29 April 2020

Our industry in current times by Joe Gransden

When I sat at the front of my Geography class at South Luton High School I made a promise to myself that I wanted to help solve some of the problems us humans are inflicting on the planet – a belief that there must be a better way for the next generation. So what better way to help solve the world’s problems than to get into weapons research and follow that up with a career in subsea oil and gas – as a friend of mine at University pointed out I only need to work in tobacco and I would have a triple whammy! It’s only now that I find myself working on projects related to renewable energy, carbon capture, responsible decommissioning of offshore assets, using machine learning to improve offshore oil and gas production and how to solve waste plastic I’ve noticed that I’ve managed to keep true to that promise and realised – you’ve got to be in amongst it to really understand it and make things change.

I still passionately believe that with an understanding of how things work, combined with thought and creativity, we can solve anything. Often the challenge is stripping back the barriers to bringing together the correct ‘minds’ in the best environment and keeping them focused on the problem at hand.

Our oil and gas industry is taking a battering right now. We’ve just gone ten rounds:

  1. Oil price <$20/bbl
  2. COVID-19
  3. Climate change
  4. Energy Transition
  5. Electrification
  6. Zero waste
  7. Digital transition
  8. Data economy
  9. Artificial intelligence
  10. Terrorism

We had all accepted the ‘lower-for-longer’ L shape recovery as the worst-case scenario. Little did we know that there was another situation waiting to play out.

Apollo thrives in change, just as we did following the 2014/15 downturn. I joined Apollo in 2016 – and it was a breath of fresh air. I had spent the previous 8 years learning the ropes from two excellent teachers but now with my supportive colleagues at Apollo, I’m pleased to actually be doing it and contributing to some truly exciting UK infrastructure projects with some talented engineers.

My experience includes:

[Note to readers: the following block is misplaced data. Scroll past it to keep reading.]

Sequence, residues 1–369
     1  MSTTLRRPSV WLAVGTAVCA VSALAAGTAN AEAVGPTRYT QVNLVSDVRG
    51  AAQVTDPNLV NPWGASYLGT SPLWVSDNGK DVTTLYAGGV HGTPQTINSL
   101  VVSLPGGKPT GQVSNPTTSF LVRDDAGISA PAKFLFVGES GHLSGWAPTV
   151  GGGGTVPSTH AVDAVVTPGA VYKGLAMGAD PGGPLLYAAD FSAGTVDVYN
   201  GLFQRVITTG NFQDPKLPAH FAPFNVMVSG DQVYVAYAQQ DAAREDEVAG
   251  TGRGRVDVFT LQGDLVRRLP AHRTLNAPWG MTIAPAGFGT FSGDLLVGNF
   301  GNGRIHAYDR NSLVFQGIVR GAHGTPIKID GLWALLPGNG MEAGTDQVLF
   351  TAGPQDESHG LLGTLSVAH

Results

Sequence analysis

• Using our expertise in CFD, Structural FEA and vibration to troubleshoot and solve a wide range of engineering problems.
  • Deploying our core capabilities in subsea FEED, detailed design and fabrication scopes. Working directly with our colleagues at Global Energy Group to fabricate some small and intricate to the very large scale subsea equipment.
  • Bombora wave energy – wow! We designed the backbone to the subsea manifold. A structure that needs to survive in an extremely harsh offshore environment and generate energy from waves. We used the tools and expertise we’ve perfected in subsea oil and gas to make it happen. I can’t wait to see this technology launched in 2021.
  • Aberdeen Harbour – we’ve been looking at how they can best support the decommissioning market with the soon to be opened new Aberdeen South Harbour.

The COVID-19 lockdown has been a time for quiet reflection and an opportunity to step back. I realise that what makes me tick hasn’t changed. I’m still driven by doing things better, faster and smarter than before. This is why marginal field development in the UKCS is exciting – it’s less about the siloed classical project based engineering – that’s a given – its more about the next decade for our industry in general i.e. smart offshore technology, agile working practices, aggregated scopes, smart logistics, tech and data wrapped up with a production line mentality.

It’s a great time to be excited as an engineer, the UK is looking to tech, innovation and infrastructure as the doorway to future success – not least to solve the COVID-19 crisis. I’m pleased to be in it and contributing – here’s the test…..in the words of the late, great Sir Brian Clough

“I want no epitaphs of profound history and all that type of thing. I contributed – I would hope they would say that”.

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